JAKARTA (Jan 24) —  The Foreign Ministers of the Association of Southeast Asian Nations (ASEAN) and the European Union (EU) plan to step up cooperation in anti-terrorism during their two-day meeting in Brussels next week with a joint declaration to combat terrorism.

ASEAN Secretary-General Ong Keng Yong said this collaboration is a move forward in promoting security in Southeast Asia and beyond, following the agreement by regional leaders at the ASEAN Summit in Cambodia last November to intensify efforts to curb terrorism within member states.

Mr. Ong said the joint declaration by ASEAN and the 15-member EU at the ASEAN-EU Ministerial Meeting (AEMM) in Belgium will signal that the governments of both regions are on top of the situation which poses a threat to peace, stability and security.

“This demonstrates the commitment from both sides of their intention to cooperate substantively as a general preventive measure against terrorism and whenever the specific threat occurs,” said Mr. Ong.

“In combating terrorism, we’re dealing with a great deal of uncertainty and the unknown. We want to see the affirmation by everybody concerned that we will work together to exchange information and we’ll use existing mechanisms to tackle a particular case,” he added.

“What we’re trying to do is to boil down to a few specific measures as embodied in existing frameworks like that spelt out by the United Nations and other international conventions.”

The cooperation will see the strengthening of law enforcement agencies of ASEAN and the EU, as well as through the ASEAN Regional Forum that groups 23 Asia-Pacific countries in a political and security dialogue. Both ASEAN and EU nations will work together to examine the root causes of terrorism and the impact of terrorist activities.

Trade will also be on the agenda as the ministers discuss ways to increase trade flows and economic and technical cooperation.

“The EU as a collective entity is very important to all the ASEAN countries individually because the EU is a major market for all the exports from each ASEAN country,” said Mr. Ong.

“It is also a major provider of technical assistance and other kinds of regional  programmes for ASEAN.”

But Mr. Ong noted that investments from the EU have declined in recent years as European businesses have turned to other regions.

“We’ve seen a shift of investment flows from Southeast Asia to Northeast Asia, principally to China,” he said.

“ I think a dialogue between the ministers of the EU and ASEAN will foster a more positive climate to encourage more people to look at ASEAN and opportunities here.”

On the possibility of establishing a Free Trade Area agreement between ASEAN and the EU, following the efforts by ASEAN and China to develop an FTA, Mr. Ong said the issue may be discussed at the meeting in Brussels but it is not likely to take shape soon.

“An FTA between ASEAN and EU will of course be a bonus for us, but it might be premature at this point,” said Mr. Ong.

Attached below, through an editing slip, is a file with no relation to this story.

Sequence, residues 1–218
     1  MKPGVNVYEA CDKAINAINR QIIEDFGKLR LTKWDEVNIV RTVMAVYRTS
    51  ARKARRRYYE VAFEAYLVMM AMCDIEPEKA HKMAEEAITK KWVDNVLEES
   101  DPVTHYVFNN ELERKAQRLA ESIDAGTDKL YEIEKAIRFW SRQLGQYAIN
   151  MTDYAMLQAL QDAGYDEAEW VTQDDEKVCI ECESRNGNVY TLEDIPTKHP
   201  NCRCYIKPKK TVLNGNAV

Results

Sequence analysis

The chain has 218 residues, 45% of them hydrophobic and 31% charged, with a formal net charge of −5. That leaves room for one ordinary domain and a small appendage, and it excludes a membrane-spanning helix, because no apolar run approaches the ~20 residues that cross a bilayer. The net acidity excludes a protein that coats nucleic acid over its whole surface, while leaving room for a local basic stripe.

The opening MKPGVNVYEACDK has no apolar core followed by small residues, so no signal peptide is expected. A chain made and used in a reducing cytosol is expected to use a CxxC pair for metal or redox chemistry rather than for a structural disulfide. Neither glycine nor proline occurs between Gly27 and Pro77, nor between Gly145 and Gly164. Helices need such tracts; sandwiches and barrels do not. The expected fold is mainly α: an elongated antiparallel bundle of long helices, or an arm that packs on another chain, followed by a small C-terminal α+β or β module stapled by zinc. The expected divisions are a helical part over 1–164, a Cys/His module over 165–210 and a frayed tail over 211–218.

“It’s an ideal that we want to work towards especially since each of us individually have a substantial relationship with the EU, so we will not be anxious in pushing this. But we would like to have more free trade, and if the FTA is the desired mechanism to achieve that, then let’s work on it. But if we cannot work on such a framework, we must reaffirm our respective desires for more trade and investment flows between ASEAN and the EU.”

The Secretary-General said there is much to be gained for both sides to maintain a substantive dialogue and “not allow small details to cloud the bigger strategic picture.”

Let’s take this advantage to produce results and position ourselves for a better relationship in the coming years.”

Mr. Ong said the Brussels meeting is significant at a time when the world is faced with a difficult international situation, with the terrorism threat and slow economic growth. He said the attendance of Myanmar is also a positive move that will foster an atmosphere of greater dialogue between the country and the EU, which has imposed sanctions on Myanmar for its human rights record.

Myanmar, which joined ASEAN in 1997, had been an issue with the EU governments, which slapped a visa ban on Myanmar officials, preventing them from visiting Europe. The previous ASEAN-EU Ministerial Meeting that had been scheduled in Europe, was instead held in Laos in 2000. This year, the EU has eased pressure on Myanmar, allowing its participation in Belgium.

 “In Brussels, both sides will be giving their views,” said Mr. Ong. “Myanmar will be expressing its considerations and concerns, and so will the EU.

“We mustn’t use old clichés and buzzwords,” he added. “We want to be more focused. There should be a good discussion. We might not agree with everything the other side says, but at least we have a chance to appreciate their concerns and go back with this knowledge and see how we can have a better understanding of each other.”

Mr. Ong said having a dialogue is better than keeping silent.

“We are talking about a major issue between two sides,” he said. “We cannot expect everything to be resolved overnight. But if we make an effort to hear each other out, then hopefully, we’ll have a chance to make some progress and we should be leaving Brussels in a better position than when we first started out.”